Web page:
13 March 2014,

Senior Woman Being Served Meal By CarerOne of the words that family members never want to hear after their elderly loved one visits the doctor is ‘cancer.’  While cancer seems to be all too common, that doesn’t always mean that it’s a good idea for an elderly individual to be screened for all types of cancer as younger individuals are.  When someone requires senior care, are there certain types of cancers that they shouldn’t be screened?  Are there others that they should be screened for on a regular basis?

Ultimately, medical professionals who assess the patient’s medical history and potential risk for certain types of cancer determine the screening process.  If your mother’s doctor is requesting that she be screened for breast cancer every year, then this could indicate that she is at a higher risk level for having this type of cancer.  If your father smokes and has been a smoker for much of his life, then he is at a higher risk of contracting lung cancer and his doctor may recommend screening for this on a regular basis.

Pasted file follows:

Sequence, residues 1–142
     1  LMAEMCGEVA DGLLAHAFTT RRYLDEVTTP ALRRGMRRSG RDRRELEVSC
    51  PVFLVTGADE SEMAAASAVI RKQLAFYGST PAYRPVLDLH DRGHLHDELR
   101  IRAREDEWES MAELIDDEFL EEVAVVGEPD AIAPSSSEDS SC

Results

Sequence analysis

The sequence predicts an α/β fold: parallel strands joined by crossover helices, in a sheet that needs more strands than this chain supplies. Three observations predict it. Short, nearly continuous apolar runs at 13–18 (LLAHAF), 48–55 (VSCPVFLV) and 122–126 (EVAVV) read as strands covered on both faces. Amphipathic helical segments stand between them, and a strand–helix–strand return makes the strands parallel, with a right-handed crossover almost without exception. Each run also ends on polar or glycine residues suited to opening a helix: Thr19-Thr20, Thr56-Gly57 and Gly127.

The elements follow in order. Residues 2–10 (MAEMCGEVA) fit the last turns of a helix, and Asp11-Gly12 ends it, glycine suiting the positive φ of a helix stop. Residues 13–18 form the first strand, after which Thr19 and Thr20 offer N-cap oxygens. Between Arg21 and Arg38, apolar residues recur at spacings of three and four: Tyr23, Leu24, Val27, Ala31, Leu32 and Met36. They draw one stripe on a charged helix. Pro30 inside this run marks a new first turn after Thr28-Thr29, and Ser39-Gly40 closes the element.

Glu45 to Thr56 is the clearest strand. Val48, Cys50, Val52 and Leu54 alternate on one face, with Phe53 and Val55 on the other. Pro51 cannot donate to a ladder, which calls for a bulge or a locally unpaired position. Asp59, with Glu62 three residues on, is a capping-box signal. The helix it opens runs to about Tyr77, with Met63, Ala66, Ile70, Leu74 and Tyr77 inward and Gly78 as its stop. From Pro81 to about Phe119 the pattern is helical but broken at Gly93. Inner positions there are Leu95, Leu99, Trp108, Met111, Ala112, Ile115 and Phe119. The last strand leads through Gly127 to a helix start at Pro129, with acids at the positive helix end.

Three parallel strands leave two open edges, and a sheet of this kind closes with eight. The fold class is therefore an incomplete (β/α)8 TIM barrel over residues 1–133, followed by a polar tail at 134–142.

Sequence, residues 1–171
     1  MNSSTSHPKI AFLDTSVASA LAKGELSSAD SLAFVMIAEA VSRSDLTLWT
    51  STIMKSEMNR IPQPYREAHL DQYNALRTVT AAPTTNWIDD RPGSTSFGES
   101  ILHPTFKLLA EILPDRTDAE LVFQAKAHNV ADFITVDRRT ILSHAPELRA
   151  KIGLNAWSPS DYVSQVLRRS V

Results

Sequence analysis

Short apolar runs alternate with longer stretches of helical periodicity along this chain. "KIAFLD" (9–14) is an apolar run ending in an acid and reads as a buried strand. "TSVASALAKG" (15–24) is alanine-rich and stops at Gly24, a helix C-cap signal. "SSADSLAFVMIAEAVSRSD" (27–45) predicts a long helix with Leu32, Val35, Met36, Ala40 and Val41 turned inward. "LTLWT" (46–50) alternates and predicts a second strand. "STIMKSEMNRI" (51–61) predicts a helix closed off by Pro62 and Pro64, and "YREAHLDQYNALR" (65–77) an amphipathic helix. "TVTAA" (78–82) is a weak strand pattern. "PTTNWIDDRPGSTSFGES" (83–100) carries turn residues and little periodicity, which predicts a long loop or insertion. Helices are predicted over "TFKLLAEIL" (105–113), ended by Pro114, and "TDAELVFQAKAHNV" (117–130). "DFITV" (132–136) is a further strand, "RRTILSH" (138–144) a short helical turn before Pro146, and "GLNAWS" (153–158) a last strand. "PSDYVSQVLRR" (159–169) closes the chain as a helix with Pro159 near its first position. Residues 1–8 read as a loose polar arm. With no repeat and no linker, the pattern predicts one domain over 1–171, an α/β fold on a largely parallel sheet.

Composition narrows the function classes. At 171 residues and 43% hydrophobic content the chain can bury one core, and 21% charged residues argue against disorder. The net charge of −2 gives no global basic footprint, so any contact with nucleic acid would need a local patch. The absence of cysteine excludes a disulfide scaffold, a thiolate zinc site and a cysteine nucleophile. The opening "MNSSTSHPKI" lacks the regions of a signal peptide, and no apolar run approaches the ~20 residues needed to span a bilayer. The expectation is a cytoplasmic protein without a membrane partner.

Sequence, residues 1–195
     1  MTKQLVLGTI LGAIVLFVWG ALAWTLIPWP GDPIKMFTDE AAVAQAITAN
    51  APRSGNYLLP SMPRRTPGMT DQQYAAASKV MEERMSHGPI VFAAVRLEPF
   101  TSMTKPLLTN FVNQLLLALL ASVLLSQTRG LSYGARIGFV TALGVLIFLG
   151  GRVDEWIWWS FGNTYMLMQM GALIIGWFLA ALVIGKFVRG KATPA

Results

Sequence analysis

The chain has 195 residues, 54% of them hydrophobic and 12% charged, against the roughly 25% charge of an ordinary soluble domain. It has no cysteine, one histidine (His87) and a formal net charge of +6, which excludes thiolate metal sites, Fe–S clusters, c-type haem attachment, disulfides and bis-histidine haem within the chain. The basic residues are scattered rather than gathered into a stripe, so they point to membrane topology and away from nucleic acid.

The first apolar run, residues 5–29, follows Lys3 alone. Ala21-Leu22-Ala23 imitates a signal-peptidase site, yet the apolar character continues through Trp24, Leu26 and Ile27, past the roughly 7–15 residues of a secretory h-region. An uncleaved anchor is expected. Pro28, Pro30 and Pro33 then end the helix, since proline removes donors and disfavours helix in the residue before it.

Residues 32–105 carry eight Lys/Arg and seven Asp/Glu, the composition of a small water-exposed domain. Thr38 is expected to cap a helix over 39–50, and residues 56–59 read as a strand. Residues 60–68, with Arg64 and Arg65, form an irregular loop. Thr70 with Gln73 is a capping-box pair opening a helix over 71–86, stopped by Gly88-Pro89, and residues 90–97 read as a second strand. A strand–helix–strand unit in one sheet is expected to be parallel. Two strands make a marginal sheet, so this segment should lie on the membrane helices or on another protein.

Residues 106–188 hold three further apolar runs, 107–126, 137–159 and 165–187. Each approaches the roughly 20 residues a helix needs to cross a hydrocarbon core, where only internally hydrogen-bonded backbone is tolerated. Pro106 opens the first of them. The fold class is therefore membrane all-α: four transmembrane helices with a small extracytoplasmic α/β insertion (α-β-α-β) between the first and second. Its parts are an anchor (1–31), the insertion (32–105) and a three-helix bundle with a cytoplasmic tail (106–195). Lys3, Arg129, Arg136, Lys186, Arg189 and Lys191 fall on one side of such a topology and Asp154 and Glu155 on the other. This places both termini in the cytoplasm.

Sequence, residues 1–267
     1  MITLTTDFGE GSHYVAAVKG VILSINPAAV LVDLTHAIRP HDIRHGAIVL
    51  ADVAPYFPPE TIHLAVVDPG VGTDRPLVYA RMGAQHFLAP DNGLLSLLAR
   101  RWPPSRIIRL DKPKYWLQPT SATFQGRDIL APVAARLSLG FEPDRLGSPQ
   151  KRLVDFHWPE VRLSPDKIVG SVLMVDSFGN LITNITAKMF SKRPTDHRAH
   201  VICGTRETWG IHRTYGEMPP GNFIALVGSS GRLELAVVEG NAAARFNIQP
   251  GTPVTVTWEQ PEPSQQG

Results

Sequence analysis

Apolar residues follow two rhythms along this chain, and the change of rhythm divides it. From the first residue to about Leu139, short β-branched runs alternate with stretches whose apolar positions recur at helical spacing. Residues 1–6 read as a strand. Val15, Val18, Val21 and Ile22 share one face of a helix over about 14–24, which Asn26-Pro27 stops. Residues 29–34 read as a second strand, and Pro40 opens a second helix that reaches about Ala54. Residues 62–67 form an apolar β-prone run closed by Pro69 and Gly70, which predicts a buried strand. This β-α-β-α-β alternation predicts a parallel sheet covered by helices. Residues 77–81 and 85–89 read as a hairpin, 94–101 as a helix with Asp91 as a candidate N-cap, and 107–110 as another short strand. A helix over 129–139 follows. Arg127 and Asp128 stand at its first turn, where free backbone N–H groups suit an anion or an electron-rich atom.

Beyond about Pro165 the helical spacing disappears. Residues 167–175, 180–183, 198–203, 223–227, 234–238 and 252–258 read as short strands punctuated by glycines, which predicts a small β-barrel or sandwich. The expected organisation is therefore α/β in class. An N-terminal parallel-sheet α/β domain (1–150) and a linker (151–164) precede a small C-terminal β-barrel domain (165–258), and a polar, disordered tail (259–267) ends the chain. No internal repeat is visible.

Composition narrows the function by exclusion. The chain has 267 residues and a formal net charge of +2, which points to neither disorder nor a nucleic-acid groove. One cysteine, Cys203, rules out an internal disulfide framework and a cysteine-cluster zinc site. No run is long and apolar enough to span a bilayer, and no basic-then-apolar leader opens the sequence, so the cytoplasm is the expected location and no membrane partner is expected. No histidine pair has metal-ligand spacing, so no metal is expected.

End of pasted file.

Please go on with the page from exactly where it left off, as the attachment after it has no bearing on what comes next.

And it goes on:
However, there is one type of cancer in particular that is generally not recommended for regular screenings as it is for people who are in their 40s, 50s, and even 60s.  This cancer is colon cancer.

There reason why the medical community now deems this type of screening to be not recommended for certain elderly individuals, especially those who require some form of senior care service, is that there is an increased risk of complication from the procedure itself.  The risk of a problem during the procedure becomes more significant the older an individual becomes and the prognosis for treatment for men and women as they get older diminishes.

The general consensus within the medical community is that any individual who is advanced in years (usually over 70) and whose life expectancy is less than a decade at that point, shouldn’t go through colonoscopies any longer, unless there may be certain telltale signs that they could have this form of cancer.  Preventive screening is basically riskier to the patient’s health than not doing anything at all.

If you have any concerns about cancer screening for an elderly loved one who may or may not require senior care at this time in his or her life, speak with a medical professional to be certain that your loved one is receiving the best care and advice possible when it comes to cancer and screening.

For more information about how the caregivers at La Jolla Nurses Homecare can help your aging parents remain living independently in their own homes, call 858-454-9339. We are an elder agency providing quality and affordable senior care in Coronado CA, and the surrounding communities.